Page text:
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I'm wrapping a java.sql.RecordSet inside a java.util.Iterator. My question is, what should I do in case any recordset method throws an SQLException?

The java.util.Iterator javadoc explains which exceptions to throw in various situations (i.e. NoSuchElementException in case you call next() beyond the last element)

However, it doesn't mention what to do when there is an entirely unrelated problem caused by e.g. network or disk IO problems.

Simply throwing SQLException in next() and hasNext() is not possible because it is incompatible with the Iterator interface.

Here is my current code (simplified):

public class MyRecordIterator implements Iterator<Record>
{
    private final ResultSet rs;

    public MyRecordIterator() throws SQLException
    {
        rs = getConnection().createStatement().executeQuery(
                "SELECT * FROM table");         
    }

    @Override
    public boolean hasNext()
    {
        try
        {
            return !rs.isAfterLast();
        }
        catch (SQLException e)
        {
            // ignore, hasNext() can't throw SQLException
        }
    }

    @Override
    public Record next()
    {
        try
        {
            if (rs.isAfterLast()) throw new NoSuchElementException();
            rs.next();
            Record result = new Record (rs.getString("column 1"), rs.getString("column 2")));
            return result;
        }
        catch (SQLException e)
        {
            // ignore, next() can't throw SQLException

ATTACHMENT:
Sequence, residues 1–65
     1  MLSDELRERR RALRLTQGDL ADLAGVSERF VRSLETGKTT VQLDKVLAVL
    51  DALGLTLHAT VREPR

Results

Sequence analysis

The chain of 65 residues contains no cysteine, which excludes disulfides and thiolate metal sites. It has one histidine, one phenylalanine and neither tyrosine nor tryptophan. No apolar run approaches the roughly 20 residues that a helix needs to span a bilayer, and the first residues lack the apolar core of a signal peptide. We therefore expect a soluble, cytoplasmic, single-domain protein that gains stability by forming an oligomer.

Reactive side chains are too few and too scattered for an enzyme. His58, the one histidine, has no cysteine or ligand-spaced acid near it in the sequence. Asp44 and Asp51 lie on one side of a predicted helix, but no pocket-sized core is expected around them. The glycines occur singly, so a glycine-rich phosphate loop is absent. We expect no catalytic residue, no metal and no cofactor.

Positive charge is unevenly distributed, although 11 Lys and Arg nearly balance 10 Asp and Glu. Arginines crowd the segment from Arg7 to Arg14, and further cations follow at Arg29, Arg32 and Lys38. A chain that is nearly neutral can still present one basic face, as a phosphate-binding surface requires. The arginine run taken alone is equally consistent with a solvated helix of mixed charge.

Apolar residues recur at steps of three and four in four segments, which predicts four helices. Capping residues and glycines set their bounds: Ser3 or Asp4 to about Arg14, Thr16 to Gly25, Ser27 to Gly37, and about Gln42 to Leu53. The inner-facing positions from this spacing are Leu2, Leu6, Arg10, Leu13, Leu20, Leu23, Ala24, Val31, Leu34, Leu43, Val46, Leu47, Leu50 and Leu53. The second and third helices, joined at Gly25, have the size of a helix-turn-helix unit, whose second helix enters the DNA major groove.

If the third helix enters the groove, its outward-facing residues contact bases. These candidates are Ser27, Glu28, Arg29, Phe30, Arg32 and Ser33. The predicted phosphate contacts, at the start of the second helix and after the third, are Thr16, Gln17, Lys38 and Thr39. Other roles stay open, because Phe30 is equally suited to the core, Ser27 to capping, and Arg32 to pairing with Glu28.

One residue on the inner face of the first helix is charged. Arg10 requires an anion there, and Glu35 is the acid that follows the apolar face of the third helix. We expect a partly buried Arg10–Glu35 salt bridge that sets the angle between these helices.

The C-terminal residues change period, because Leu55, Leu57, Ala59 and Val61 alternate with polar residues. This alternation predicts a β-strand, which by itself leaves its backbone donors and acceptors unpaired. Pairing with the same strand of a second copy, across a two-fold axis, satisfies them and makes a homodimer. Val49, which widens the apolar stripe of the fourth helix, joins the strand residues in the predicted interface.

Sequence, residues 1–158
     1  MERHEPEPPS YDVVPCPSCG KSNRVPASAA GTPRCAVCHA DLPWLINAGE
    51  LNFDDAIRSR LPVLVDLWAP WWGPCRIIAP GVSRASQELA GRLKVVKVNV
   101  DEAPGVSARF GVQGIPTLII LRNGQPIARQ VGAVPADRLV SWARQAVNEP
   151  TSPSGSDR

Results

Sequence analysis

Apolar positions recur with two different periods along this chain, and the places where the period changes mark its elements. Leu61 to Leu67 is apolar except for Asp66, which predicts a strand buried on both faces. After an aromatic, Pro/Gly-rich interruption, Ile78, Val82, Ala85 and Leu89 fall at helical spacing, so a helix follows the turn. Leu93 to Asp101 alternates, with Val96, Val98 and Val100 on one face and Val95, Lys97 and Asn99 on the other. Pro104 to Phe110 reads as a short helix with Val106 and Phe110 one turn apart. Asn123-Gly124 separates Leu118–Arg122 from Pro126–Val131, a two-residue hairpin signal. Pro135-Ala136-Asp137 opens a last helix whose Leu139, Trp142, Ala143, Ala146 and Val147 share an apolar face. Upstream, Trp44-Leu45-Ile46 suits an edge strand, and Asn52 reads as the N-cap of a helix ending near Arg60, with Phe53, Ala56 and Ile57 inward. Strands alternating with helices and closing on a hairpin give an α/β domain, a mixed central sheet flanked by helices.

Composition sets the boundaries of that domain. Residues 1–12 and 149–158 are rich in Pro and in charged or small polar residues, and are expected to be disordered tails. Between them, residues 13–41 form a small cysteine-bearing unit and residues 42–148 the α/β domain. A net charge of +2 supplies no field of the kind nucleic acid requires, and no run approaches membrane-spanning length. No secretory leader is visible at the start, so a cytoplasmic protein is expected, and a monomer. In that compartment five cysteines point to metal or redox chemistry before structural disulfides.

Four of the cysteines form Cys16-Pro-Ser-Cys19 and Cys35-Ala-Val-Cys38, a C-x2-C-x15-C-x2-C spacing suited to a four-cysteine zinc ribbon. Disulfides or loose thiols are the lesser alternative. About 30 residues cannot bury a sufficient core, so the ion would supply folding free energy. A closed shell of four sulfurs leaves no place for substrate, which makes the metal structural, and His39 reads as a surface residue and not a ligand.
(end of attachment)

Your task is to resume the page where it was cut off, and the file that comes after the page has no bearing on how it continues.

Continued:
}
    }

    @Override
    public void remove()
    {
        throw new UnsupportedOperationException("Iterator is read-only");
    }
}
share|improve this question

1 Answer 1

up vote 10 down vote accepted

I would wrap the checked exception in an unchecked exception, allowing it to be thrown without breaking Iterator.

I'd suggest an application specific exception extending RuntimeException, implementing the constructor (String, Throwable) so that you can retain access to the cause.

eg.

    @Override
    public boolean hasNext() {
      try {
        return !rs.isAfterLast();
      } catch (SQLException e) {
        throw new MyApplicationException("There was an error", e);
      }
    }

Update: To get started looking for more info, try Googling 'checked unchecked java sqlexception'. Quite a detailed discussion of of checked vs. unchecked exception handling on 'Best Practises for Exception Handling' on onjava.com and discussion with some different approaches on IBM Developerworks.

share|improve this answer
    
Good idea. Which exception do you recommend? Is there an accepted practice for this? –  amarillion Feb 27 '10 at 10:26
1  
Hope that helps - you could use an existing RuntimeException subclass like IllegalStateException if you feel it's suitable, I suspect you would want to create your own exception subclass if you wanted to process it further and to make the exception meaningful in the context of your application. –  Brabster Feb 27 '10 at 10:34
    
If the code contains many iterators this might end in banishing checked exceptions. This Java corner seems to be broken by design. –  ceving Jun 25 '13 at 11:08

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